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The Lord of the Rings, chapter 7- The Mirror of Galadriel:

"But suddenly the mirror went altogether dark, as dark as if a hole had opened in the world of sight, and Frodo looked into emptiness. In the black abyss there appeared a single eye that slowly grew, until it filled nearly the whole mirror. So terrible was it that Frodo stood rooted, unable to cry out or to withdraw his gaze. The eye was rimmed with fire, but itself glazed, yellow as a cat's, watchful and intent, and the black slit of its pupil opened on a pit, a window into nothing"

We know that Sauron himself isn't physically an eye and it is hinted the eye of Sauron is more of a metaphor, but if the eye is more a metaphor, why does Frodo see the eye itself rather than feel it metaphorically speaking? Is it because as the bearer of the One he can perceive the thoughts and will of the other bearers of the rings of power?

Further on in the chapter Galadriel herself says:

"You have perceived my thought more clearly than many that are accounted wise. You saw the eye of him that holds the seven and the nine. And did you not see and recognize the ring upon my finger?"

Here she hints as the bearer of the one he can perceive and see the holders of 3,7 and 9 which we kinda already knew, but I still don't get why Frodo sees the eye of Sauron, something that is metaphorically used.

Did Galadriel herself maybe command the mirror to show Frodo the eye? Or did Frodo just perceive the holder of the seven and the nine?

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    Metaphors can be visual in nature. – Harry Johnston Jan 9 '16 at 22:49
  • Because she forgot to update her (eye of) firewall. – Valorum Jan 3 '17 at 15:54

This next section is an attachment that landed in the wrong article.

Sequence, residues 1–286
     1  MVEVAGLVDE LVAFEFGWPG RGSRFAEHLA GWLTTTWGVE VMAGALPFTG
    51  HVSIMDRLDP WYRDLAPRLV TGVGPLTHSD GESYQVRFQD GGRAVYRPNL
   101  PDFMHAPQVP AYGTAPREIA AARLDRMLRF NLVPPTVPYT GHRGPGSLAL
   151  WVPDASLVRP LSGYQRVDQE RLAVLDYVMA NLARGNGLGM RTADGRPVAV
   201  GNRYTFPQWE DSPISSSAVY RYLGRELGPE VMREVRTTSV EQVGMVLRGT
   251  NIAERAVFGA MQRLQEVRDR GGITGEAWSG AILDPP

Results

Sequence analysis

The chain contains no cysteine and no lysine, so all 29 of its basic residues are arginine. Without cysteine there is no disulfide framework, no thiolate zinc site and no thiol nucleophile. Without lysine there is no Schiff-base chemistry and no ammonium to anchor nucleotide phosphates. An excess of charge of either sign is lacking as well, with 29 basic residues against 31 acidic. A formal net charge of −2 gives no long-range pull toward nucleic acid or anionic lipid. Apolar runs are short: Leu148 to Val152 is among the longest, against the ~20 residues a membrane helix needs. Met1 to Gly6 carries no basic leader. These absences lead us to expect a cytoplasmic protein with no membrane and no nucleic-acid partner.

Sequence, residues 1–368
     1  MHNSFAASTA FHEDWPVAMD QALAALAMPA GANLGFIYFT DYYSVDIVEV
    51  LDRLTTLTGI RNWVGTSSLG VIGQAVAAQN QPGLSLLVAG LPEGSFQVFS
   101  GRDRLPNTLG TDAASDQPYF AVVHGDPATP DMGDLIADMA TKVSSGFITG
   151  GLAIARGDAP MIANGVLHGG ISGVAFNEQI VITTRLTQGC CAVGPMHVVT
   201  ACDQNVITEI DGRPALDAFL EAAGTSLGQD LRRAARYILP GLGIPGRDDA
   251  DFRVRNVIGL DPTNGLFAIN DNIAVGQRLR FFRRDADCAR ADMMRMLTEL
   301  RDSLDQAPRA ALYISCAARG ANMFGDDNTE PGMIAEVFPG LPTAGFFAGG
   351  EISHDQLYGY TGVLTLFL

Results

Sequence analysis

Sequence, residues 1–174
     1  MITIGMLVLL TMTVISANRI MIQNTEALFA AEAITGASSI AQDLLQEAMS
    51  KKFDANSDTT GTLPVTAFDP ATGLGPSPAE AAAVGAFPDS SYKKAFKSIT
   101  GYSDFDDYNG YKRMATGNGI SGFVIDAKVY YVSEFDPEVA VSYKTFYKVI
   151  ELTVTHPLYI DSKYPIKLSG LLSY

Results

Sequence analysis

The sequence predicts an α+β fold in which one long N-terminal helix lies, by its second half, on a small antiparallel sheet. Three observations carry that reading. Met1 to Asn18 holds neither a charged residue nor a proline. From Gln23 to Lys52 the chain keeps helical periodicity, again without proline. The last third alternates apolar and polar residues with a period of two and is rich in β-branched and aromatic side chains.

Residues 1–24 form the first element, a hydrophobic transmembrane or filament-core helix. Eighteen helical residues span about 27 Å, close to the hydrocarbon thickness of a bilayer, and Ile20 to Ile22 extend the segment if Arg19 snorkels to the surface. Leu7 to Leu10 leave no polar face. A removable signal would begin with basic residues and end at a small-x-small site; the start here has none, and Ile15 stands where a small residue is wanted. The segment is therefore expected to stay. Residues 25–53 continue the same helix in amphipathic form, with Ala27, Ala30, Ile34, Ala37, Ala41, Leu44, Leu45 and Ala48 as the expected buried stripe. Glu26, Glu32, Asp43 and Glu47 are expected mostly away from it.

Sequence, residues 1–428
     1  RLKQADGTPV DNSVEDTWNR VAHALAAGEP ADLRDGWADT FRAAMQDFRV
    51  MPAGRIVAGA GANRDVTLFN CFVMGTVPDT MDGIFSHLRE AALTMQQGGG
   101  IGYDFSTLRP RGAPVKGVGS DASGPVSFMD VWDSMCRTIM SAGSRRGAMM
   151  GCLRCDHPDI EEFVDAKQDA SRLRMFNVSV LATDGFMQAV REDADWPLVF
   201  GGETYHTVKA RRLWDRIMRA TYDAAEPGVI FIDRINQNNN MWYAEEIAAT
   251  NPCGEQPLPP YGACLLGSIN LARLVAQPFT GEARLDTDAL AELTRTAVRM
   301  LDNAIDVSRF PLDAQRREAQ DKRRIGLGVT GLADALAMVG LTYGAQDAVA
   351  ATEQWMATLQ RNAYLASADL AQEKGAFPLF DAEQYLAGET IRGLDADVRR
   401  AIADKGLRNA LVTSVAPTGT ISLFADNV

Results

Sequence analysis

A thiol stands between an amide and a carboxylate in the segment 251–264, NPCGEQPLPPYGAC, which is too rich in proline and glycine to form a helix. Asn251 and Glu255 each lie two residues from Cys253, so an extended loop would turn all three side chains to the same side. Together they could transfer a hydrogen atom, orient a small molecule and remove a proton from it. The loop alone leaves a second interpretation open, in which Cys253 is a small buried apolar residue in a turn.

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Galadriel is certainly capable of commanding the Mirror; she says so herself:

'What shall we look for, and what shall we see?' asked Frodo, filled with awe.

'Many things I can command the Mirror to reveal,' she answered, 'and to some I can show what they desire to see. But the Mirror will also show things unbidden, and those are often stranger and more profitable than things which we wish to behold.

Fellowship of the Ring Book II Chapter 7: "The Mirror of Galadriel"

Whether she did or not is unknown, and unclear. If she did force Frodo to see the Eye, her reasons are her own and she never shares them.

If she doesn't, however, there is no in-universe reason for why Frodo sees the Eye; the functioning of the Mirror is mysterious and unpredictable, as Galadriel admits:

What you will see, if you leave the Mirror free to work, I cannot tell. For it shows things that were, and things that are, things that yet may be. But which it is that he sees, even the wisest cannot always tell.

Fellowship of the Ring Book II Chapter 7: "The Mirror of Galadriel"

However, I question why Frodo shouldn't have seen a metaphorical depiction. What Frodo sees isn't Sauron himself, but Sauron's search for him; consider what he actually sees:

Then the Eye began to rove, searching this way and that; and Frodo knew with certainty and horror that among the many things that it sought he himself was one.

Fellowship of the Ring Book II Chapter 7: "The Mirror of Galadriel"

That's really the most important thing Frodo could have seen from the mirror: not Sauron himself, but Sauron's desire for the Ring; it's hard to show something like that non-metaphorically.